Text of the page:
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Drug Treatment for Teens

Drug treatment for teens can be different from that of adults. So you are pretty sure your teen has a problem with alcohol and/or drugs. Now what? How should you help them get treatment? This article will show you some of the options available for helping your teen.

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First of all, understand that the treatment will likely not be a quick fix. It will take months, maybe years of diligence to help your teen get over their drug and/or alcohol problem. Some of the options for treatment include counseling (group and/or individual), medication and monitoring. Sometimes it takes one of the options, sometimes it takes a combination. Counseling with your teen’s doctor is a good place to begin. They should have the knowledge of what treatment options are available in your area and where to go for further information. Another option is your local counselor at your teen’s school. They should also have information on where to go to find recovery resources.

A few startling statistics form the 2005 National Survey on Drug Use and Health: 

  • The number of 12 and older individuals needing treatment for drug or alcohol use was 23.2 million. Of that, 2.3 million received treatment at a specialty facility. 
  • 2.1 million teenagers age 12 to 17 needed treatment. Only 181,000 received treatment at a specialty facility. 
  • This was a decrease from 2004 when 2.3 needed treatment instead of 2.1. 
  • The six most common reasons for 12 and older people to not get treatment were cost (36.7 percent), not willing to stop (34.7 percent), stigma associated with getting treatment (24.4 percent), felt like they could handle the problem on their own (16.3 percent), did not know where to get treatment (16.3 percent) and the rest was various reasons (16.1 percent).

Finally, a word of caution. Sometimes teens who are not steeped deeply in drugs go to treatment programs only to come out even more excited to try other drugs. How does this happen? They are mingling with other drug addicted users who teach them how to use more dangerous drugs. Some studies argue that it is better for teens to have one-on-one therapy instead of group settings. A big part of this is the fact that some treatment centers focus on how out-of-control teens are when in fact, they feel they are in control. Thus, when they leave the center, they shed everything they learned.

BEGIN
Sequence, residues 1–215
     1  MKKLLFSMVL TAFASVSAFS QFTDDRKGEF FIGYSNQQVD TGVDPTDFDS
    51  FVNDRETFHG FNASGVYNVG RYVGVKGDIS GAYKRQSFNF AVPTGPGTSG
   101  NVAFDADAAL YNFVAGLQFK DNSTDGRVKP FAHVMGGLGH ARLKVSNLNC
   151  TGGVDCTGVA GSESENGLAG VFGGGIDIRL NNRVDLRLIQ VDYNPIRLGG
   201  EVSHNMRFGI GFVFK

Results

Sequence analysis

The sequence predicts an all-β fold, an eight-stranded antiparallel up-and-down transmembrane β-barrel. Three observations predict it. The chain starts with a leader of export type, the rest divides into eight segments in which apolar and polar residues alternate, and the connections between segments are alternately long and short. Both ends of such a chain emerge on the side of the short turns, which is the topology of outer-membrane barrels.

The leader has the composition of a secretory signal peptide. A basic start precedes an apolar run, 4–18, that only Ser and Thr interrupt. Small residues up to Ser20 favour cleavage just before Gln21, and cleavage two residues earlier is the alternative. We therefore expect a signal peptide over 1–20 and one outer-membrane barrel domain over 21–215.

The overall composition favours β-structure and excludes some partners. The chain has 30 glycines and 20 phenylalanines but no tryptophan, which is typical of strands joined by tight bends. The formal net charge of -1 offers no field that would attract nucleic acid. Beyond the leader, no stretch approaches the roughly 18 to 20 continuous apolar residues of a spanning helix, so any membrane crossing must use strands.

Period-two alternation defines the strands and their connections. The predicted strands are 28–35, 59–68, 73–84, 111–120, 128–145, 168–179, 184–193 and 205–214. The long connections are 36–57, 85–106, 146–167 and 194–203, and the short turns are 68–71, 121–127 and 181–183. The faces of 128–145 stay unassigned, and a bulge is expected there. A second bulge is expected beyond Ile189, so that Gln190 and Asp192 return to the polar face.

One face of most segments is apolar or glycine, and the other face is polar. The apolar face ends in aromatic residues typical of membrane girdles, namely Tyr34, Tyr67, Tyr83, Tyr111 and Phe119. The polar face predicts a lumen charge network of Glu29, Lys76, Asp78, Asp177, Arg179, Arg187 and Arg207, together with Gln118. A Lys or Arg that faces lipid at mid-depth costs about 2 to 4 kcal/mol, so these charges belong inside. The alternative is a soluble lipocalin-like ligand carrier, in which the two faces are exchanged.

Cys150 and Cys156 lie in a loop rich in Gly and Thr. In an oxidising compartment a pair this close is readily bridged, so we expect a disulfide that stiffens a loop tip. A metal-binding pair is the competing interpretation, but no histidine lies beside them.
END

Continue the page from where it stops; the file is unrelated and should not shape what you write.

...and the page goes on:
Find out all you can about the treatment program. Perhaps consider one-on-one counseling before sending your teen to a group program. Listen to your doctor to mold the needed treatment program that would be best suited for your teen. And remember, it won’t be a quick fix, but with diligence, your teen can be drug and alcohol free again.

Drug Treatment for Teens Sources:

  • Sober Recovery Resources Online, “Substance Abuse: Alcoholism, Addiction and How to Quit,” [online]
  • Slate, Maia Szalavitz, “Trick or Treatment: Teen drug programs turn curious teens into crackheads,” [online].
  • U.S. Department of Health and Human Services. Substance Abuse and Mental Health Services Administration, “Results from the 2005 National Survey on Drug Use and Health: National Findings,” [pdf online]

Related Article: Choosing a Drug Treatment Facility >>


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